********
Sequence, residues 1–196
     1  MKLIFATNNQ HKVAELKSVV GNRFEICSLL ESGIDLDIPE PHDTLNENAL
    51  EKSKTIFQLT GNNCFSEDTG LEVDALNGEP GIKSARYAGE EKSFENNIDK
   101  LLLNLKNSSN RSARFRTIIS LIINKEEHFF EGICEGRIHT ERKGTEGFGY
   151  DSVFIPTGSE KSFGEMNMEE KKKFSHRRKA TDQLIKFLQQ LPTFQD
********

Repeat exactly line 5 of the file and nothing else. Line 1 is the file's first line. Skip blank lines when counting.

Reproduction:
   151  DSVFIPTGSE KSFGEMNMEE KKKFSHRRKA TDQLIKFLQQ LPTFQD